Lotion Massages: Invite you child to sit or lay comfortably. With a bit of lotion massage their ears for a few seconds. You may massage in silence or you may want to gently speak to them (call their attention to their ears, describe the work their ears do, invite them to send love to their ears). Move on from their ears and massage their forehead, then their hands, and finally their feet. Your child may want to repeat this activity on you to reciprocate the love.
Mindfulness in the Mouth: Give your child a single raisin. First invite them to explore the raisin with their other sense (touch/sight). Then invite them to put the raisin in their mouth but not to chew. Have them hold the raisin in their mouth and explore it with their tongue. Have them take a single bite into the raisin. Call their attention to how the taste changes in their mouth. Now invite them to chew the raisin completely, as slowly as they possibly can. Next invite them to swallow while concentrating on the sensation of the raisin sliding down their throat. As children gain experience with their activity their ability to complete each step will increase.
4. Emphasize Mindfulness in the Natural World
Mindfulness practices in a natural environment are essential in developing a spiritual connection with the natural world. The following are powerful prompts that can support your child’s connection to nature:
The Earth is Your Mother: Invite your child to sit, lay, or stand barefoot on the ground. Call their attention to the earth below them. Invite them to feel how they are being supported by the ground beneath them. Remind them how much they are loved by their mother earth and that when they feel alone or afraid, they can return to her love by simply putting their feet on the ground. Set a timer for a 30 second-2-minute meditation.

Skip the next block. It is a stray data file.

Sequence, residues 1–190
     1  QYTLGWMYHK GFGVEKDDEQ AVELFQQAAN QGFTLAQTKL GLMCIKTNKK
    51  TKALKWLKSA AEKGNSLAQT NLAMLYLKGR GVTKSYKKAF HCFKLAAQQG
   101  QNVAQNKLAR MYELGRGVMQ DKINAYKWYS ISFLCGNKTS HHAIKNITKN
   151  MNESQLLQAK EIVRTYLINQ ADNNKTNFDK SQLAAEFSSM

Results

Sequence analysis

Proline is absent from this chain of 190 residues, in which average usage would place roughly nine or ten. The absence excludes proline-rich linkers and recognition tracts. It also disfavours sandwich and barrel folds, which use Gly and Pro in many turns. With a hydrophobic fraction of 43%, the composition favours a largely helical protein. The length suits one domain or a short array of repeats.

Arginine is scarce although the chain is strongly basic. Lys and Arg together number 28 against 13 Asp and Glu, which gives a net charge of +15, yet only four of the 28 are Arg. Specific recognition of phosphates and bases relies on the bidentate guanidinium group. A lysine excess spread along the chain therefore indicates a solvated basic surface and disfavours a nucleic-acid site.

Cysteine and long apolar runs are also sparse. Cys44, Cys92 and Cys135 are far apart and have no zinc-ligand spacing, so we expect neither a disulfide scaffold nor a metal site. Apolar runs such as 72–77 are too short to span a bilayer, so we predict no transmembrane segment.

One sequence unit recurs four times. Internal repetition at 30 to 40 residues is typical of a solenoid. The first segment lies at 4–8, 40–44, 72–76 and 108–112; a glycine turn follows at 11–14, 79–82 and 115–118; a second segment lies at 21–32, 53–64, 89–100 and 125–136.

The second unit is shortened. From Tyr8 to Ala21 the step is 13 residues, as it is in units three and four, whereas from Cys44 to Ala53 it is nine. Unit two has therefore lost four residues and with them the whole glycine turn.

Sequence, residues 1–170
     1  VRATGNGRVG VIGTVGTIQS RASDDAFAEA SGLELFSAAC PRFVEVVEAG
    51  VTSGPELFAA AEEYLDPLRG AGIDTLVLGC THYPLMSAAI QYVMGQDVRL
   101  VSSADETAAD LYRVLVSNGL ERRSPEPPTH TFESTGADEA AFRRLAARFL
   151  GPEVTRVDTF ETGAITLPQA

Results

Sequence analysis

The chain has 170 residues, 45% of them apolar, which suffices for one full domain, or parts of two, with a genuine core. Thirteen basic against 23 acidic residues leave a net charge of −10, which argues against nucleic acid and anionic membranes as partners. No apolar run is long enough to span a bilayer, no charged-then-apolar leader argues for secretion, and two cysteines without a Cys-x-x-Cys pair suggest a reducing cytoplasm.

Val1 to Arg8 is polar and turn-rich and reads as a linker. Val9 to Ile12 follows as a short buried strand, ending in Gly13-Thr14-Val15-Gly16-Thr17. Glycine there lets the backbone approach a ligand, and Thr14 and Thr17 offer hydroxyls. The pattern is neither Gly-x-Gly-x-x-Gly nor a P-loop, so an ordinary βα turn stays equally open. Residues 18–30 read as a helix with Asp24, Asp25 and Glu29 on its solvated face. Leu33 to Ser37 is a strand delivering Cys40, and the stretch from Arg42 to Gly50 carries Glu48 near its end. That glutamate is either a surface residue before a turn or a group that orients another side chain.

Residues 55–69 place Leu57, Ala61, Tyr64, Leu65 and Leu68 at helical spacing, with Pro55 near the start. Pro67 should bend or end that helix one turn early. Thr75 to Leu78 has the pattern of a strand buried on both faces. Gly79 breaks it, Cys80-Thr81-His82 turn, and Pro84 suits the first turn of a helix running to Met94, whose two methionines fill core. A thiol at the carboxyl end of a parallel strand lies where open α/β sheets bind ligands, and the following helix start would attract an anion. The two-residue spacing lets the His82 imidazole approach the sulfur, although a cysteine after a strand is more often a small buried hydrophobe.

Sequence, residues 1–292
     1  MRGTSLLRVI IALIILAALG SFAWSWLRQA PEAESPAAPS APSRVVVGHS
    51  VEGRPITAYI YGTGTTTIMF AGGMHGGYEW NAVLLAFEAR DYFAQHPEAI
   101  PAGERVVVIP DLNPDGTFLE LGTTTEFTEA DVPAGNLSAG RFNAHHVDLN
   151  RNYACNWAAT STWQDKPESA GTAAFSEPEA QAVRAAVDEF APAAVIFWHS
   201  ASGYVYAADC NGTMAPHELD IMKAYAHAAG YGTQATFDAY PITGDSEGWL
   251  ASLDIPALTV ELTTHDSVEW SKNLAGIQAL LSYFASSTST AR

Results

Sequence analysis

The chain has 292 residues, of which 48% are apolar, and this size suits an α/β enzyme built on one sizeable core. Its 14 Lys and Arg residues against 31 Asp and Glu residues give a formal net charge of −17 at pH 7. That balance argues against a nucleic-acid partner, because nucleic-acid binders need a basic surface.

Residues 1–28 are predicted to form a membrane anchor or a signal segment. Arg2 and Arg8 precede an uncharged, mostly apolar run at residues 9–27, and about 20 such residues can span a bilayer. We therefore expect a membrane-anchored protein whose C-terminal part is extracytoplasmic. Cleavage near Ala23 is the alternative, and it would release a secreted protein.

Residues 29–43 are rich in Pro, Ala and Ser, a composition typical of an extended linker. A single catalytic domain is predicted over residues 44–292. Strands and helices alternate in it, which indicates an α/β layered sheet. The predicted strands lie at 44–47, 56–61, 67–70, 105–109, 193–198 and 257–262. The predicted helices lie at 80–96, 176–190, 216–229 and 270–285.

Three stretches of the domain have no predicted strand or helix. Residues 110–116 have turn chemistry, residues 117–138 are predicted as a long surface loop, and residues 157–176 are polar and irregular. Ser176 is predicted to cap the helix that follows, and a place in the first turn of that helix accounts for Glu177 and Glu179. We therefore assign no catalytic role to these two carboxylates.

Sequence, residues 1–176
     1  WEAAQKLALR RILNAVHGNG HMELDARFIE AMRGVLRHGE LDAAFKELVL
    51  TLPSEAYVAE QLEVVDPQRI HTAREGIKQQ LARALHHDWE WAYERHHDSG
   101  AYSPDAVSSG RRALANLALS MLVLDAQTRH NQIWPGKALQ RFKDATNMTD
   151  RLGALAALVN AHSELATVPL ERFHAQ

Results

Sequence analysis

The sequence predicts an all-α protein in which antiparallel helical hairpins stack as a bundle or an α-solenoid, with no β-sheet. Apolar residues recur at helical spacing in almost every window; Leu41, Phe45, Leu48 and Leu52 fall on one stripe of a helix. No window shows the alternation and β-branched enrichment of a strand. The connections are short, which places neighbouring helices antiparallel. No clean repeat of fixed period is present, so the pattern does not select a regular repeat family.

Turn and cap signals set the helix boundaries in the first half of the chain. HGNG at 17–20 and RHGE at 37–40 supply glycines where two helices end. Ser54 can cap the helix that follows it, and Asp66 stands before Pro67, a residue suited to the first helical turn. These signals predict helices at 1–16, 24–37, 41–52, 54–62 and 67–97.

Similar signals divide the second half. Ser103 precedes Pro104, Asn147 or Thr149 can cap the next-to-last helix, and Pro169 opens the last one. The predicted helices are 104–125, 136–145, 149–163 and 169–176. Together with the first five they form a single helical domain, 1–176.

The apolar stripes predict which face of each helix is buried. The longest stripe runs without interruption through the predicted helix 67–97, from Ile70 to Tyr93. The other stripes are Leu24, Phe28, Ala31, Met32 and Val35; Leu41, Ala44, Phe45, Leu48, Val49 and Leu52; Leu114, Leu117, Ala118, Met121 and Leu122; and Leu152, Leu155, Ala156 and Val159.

Listen to the Wind: Invite your child to sit or lay on the ground. Tell them that the wind has reached all corners of the world and knows all the secrets of the universe. Tell them that when they listen with their heart, the wind will share with them all the love the universe has to offer. Set a timer for a 30 second-2-minute meditation and afterward invite them to tell you what they learned from the wind.
5. Embedding mindfulness into your daily routine
Creating opportunities in which mindfulness is ritualized into your daily routine is one of the easiest ways to build a mindfulness practice. Here are some examples of ways to incorporate mindfulness in your existing routines:
Bedtime: When you tuck your child in at night, call their attention to how safe and cozy their bodies feel in their bed.
Bathtime: When you are bathing them, invite them to feel how the warm water gently washes away all that does not serve them.
Academic Work: Teach your child to massage their own hands with a bit of lotion before and after difficult academic tasks especially when they are first learning to write. Remind them to thank their body and brain